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Start Thinking Smaller.

Upset mother with hands on head among mischievous little girls
Upset mother with hands on head among mischievous little girls

It’s not just the antidote to overwhelm, it’s the answer to most of your stepmom problems.

There are only two reactions to overwhelm. You either become paralyzed or you spin your wheels. If you’re one of those people who find that being overwhelmed makes you more productive, it’s not really overwhelm, it’s more like challenge.

Overwhelm is a challenge too, in its own way. It challenges us to find another response to this combination of high expectations, low resources and zero hope of prevailing. This is just as true inside your blended family as it is in the workplace.

The most important skill you need to develop is the ability to think small, to break the problem down to the tiniest actionable step, and then make just one miniature move.

For example, weekends with the step-kids are total chaos. They are wired when they arrive and the transition is always difficult. They are demanding, loud and needy. Your partner copes by focusing on the TV. They complain about what you make them to eat. They drop their stuff everywhere and the house is a mess.

Where can you begin?

Here are some tiny things you can do keep from feeling overwhelmed.

  • Put 10 drops of Rescue Remedy into a tall glass of water and sip. Repeat as needed. This will calm your nerves and leave you able to drive the car, unlike a glass of wine which is an otherwise excellent suggestion if escape is not part of your game plan.

  • Suggest a routine “welcome activity” that’s the same every time they arrive: pizza, bowling, ice cream, music, card games, waffles, whatever. The predictable routine will be welcome and help them calm down sooner. You don’t have to do it, by the way. It’s the suggestion that’s tiny.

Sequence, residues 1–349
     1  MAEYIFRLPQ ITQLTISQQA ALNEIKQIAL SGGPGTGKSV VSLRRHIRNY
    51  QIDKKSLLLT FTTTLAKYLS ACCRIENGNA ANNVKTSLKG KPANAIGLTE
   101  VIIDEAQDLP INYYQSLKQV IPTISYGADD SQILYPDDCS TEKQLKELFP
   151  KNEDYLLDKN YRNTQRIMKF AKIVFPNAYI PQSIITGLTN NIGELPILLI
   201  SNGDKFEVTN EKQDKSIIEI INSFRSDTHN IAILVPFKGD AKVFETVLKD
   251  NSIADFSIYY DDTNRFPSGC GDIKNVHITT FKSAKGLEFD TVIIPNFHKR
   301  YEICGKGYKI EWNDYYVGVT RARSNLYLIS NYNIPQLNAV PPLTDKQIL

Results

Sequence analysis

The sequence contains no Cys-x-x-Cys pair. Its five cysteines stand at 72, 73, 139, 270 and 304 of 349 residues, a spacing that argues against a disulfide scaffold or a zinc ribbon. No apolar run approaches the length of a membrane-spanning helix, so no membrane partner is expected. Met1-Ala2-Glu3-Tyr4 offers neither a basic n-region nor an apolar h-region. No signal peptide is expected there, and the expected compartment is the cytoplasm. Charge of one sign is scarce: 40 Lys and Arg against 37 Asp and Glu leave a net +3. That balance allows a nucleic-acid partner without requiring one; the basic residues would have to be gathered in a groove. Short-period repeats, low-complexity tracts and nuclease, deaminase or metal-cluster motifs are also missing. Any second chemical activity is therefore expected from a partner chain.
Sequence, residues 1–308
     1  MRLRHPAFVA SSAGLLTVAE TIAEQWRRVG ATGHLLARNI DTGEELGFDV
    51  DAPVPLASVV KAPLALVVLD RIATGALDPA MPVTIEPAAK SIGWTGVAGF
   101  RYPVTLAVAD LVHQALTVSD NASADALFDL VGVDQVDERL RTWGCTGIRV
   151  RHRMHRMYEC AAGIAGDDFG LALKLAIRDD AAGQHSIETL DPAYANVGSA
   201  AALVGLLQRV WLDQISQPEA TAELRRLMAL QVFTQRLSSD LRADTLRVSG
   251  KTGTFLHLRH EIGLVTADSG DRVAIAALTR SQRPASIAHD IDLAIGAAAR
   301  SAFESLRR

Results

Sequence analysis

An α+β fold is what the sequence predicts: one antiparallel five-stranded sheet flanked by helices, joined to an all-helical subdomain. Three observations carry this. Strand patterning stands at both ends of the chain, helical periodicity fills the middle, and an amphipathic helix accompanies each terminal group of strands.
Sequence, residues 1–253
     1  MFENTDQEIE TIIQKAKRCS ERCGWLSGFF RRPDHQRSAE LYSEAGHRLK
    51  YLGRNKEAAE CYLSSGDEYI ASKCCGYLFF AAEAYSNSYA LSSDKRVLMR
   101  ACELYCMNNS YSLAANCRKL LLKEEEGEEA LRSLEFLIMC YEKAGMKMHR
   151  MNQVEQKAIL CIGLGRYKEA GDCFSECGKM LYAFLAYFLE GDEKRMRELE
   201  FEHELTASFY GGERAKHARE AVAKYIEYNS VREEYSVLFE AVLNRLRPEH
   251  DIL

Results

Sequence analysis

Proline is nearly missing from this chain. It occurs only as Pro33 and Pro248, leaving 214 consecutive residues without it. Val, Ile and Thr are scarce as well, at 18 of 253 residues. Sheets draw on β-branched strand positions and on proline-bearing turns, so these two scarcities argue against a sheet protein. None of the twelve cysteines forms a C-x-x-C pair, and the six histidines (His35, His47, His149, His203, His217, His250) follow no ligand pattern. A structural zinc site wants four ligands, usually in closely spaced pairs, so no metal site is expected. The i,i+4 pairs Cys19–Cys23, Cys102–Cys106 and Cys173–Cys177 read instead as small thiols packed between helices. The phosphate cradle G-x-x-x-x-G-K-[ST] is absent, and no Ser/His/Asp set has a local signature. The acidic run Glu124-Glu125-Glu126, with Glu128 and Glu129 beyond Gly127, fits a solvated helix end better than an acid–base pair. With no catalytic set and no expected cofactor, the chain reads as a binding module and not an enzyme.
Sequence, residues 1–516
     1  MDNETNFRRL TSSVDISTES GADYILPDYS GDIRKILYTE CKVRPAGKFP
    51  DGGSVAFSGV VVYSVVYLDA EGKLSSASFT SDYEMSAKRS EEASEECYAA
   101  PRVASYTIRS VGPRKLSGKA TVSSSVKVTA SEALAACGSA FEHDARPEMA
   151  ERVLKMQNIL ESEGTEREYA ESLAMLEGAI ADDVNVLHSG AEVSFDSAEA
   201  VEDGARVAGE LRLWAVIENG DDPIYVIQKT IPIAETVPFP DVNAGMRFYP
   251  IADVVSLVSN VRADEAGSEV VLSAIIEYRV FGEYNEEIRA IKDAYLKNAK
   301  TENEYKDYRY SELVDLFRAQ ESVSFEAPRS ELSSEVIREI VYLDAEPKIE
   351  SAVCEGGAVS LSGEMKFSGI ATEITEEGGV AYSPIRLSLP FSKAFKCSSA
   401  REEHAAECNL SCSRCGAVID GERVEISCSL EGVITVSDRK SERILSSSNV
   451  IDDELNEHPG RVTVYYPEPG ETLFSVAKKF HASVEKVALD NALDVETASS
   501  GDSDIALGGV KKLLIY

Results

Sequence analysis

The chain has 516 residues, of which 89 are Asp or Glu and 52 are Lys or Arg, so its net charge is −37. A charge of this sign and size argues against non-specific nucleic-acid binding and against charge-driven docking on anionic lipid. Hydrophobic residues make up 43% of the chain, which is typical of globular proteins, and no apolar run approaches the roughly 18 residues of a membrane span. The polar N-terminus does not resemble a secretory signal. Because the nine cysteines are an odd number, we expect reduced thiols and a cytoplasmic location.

• Don’t make the food. Problem solved. If that feels too big, go smaller – just get dad to dish it out and put it in front of them.

  • Find something to do outside of the house. For yourself, I mean. You don’t have to be there every minute the kids are visiting, and they will be glad to have dad all to themselves. Think of something small – take yourself out for a cup of tea. Go for a walk. Sit at a bookstore.

  • Do the ESR (Emotional Stress Release) move. Go somewhere you can close the door. Close your eyes and lightly cover your forehead with one hand. Visualize the crapstorm happening on the other side of your closed door for 20 seconds or so. Now, replay that little video clip and tack on a lovely, calm, utterly pleasing end sequence. Smile and take a deep breath.

  • Repeat this phrase, aloud or silently to yourself: “I am not responsible for this. My only job is to help my partner be a good parent – it’s not to do any of the parenting for him.” The next step is to let go of how it looks with you not doing any of his parenting.

Start small – you can pick just one of these tiny gestures and if it feels good, go ahead and try another one.

All that matters is that you keep moving. Change might be glacially slow in coming, but this too shall pass.

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